Former Indiana Corn Marketing Council president Gary Lamie was honored posthumously in Louisville for his work to explore new uses for the corn that farmers grow. At the Corn Utilization and Technology Conference this week the graduate student poster competition was renamed after Lamie, and his wife Kathleen and ICMC director Dean Eppley accepted plaques as the General Session opened Monday.
“Gary had always expressed an interest in working with anything that would develop new uses from the corn that we raise,” he told HAT. “He was very active in our Indiana new uses contest that was working with students at Purdue to come up with new ideas for possible new products that could come from the corn plant. That had carried on into work with National Corn Growers research and business development action team.”
Lamie passed away in 2013 while serving as the corn checkoff’s president. Eppley said it was an honor to accept the plaque. He’s also happy Kathleen Lamie could attend.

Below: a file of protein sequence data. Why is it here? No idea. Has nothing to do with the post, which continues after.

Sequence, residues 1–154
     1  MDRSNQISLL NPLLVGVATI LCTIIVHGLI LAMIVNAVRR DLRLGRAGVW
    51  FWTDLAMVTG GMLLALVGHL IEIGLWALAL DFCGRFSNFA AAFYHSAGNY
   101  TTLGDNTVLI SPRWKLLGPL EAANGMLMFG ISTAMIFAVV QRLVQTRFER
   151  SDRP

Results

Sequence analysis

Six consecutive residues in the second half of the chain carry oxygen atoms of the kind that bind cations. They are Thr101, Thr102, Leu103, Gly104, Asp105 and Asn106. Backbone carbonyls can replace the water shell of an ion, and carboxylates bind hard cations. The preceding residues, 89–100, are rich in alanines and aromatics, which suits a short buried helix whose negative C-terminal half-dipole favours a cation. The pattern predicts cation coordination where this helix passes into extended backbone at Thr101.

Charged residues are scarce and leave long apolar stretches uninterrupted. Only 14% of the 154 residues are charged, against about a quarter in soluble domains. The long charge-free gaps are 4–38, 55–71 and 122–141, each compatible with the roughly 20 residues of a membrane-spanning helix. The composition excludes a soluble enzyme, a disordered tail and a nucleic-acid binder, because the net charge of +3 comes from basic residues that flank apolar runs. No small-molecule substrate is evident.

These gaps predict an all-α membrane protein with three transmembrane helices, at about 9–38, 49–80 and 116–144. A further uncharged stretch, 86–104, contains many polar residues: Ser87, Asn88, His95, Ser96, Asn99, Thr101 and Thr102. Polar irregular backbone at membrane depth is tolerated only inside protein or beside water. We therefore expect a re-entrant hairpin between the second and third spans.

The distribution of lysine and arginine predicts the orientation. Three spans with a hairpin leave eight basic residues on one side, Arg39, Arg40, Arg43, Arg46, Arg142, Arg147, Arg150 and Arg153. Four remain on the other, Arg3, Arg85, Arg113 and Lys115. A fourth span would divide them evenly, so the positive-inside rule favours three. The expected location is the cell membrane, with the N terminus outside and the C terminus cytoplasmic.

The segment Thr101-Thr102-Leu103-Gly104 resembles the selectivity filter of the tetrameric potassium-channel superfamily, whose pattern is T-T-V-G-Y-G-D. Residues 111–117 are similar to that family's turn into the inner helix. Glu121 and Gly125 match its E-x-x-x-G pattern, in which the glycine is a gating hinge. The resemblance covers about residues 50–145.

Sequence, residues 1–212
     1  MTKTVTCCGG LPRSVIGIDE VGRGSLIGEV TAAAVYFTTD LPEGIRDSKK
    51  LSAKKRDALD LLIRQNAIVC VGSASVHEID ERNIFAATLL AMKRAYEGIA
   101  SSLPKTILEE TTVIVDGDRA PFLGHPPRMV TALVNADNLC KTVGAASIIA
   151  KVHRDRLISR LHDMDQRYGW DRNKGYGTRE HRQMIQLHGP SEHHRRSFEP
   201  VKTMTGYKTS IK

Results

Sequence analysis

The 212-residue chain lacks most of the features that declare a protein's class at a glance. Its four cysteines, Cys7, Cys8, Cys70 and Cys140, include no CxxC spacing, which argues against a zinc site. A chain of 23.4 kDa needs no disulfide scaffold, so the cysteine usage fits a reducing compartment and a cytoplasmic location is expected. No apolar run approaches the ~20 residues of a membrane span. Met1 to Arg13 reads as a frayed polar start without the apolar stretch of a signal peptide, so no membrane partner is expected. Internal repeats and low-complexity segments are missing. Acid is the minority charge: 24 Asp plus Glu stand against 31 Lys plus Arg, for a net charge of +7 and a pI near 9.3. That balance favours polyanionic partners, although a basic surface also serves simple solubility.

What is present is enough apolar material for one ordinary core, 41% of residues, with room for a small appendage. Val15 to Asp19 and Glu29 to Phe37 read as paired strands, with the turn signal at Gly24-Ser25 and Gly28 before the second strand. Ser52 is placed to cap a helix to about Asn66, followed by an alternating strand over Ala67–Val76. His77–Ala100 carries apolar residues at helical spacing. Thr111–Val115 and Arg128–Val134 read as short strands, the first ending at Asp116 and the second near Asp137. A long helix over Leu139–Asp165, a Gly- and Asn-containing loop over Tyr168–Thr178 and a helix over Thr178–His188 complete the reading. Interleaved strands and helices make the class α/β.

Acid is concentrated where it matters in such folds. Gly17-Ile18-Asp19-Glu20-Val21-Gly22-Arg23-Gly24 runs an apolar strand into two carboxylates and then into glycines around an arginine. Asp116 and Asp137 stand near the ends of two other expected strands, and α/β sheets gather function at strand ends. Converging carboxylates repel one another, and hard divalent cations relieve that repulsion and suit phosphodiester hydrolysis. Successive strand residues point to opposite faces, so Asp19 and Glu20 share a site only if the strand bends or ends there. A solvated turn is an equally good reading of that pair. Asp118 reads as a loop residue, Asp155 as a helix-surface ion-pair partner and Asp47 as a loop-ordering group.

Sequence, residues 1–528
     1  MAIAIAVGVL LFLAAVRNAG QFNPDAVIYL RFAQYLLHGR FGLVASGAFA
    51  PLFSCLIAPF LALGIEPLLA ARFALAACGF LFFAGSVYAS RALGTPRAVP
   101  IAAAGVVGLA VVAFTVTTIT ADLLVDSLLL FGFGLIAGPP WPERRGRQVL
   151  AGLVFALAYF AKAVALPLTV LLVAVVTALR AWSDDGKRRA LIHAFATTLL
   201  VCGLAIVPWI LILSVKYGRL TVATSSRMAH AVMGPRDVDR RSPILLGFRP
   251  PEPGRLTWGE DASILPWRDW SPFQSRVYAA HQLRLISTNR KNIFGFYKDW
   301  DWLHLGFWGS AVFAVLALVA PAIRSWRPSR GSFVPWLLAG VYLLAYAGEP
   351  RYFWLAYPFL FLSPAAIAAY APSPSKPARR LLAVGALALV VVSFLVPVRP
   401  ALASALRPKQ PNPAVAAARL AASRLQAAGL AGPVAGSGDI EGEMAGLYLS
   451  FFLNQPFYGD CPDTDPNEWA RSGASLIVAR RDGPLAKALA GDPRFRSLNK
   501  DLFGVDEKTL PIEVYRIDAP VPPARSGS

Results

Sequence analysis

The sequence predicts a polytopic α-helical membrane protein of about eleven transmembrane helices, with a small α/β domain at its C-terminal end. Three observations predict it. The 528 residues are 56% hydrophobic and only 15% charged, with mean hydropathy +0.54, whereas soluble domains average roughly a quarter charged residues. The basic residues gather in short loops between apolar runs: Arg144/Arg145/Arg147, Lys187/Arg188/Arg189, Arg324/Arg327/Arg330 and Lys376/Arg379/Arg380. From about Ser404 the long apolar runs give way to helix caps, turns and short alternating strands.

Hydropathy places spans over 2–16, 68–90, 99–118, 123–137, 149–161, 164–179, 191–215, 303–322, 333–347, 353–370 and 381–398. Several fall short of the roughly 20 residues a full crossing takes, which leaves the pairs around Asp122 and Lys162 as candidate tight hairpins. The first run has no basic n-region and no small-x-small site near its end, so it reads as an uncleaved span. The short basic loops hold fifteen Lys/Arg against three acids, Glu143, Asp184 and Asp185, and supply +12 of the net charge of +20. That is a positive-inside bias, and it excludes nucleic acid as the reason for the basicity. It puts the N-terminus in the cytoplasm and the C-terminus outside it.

“We were very pleased that she was willing and able to be here to receive this plaque and she was well honored and pleased with it.”
The Gary Lamie Graduate Student Poster Competition is sponsored this year by ICMC. It allows students to present their research to an audience of potential employers and funding organizations. Awards go to the top three graduate student posters. Eppley considers the poster contest a significant part of the conference, which focuses on wet and dry milling technology and new use research, and one poster project that caught his eye is the idea of perennial corn. Another interesting idea is the use of corn silk for medication to treat kidney disease. Hear more by clicking the audio player above.
(Pictured: Tom Mueller, chairman of National Corn Growers Association’s Research and Business Development Action Team, presented a plaque to Kathleen Lamie in recognition of the Gary Lamie Student Poster Competition. Also pictured with Mueller is Dean Eppley, director of Indiana Corn Marketing Council (ICMC) from Wabash, Indiana. Photos courtesy of AgWired, Chuck Zimmerman)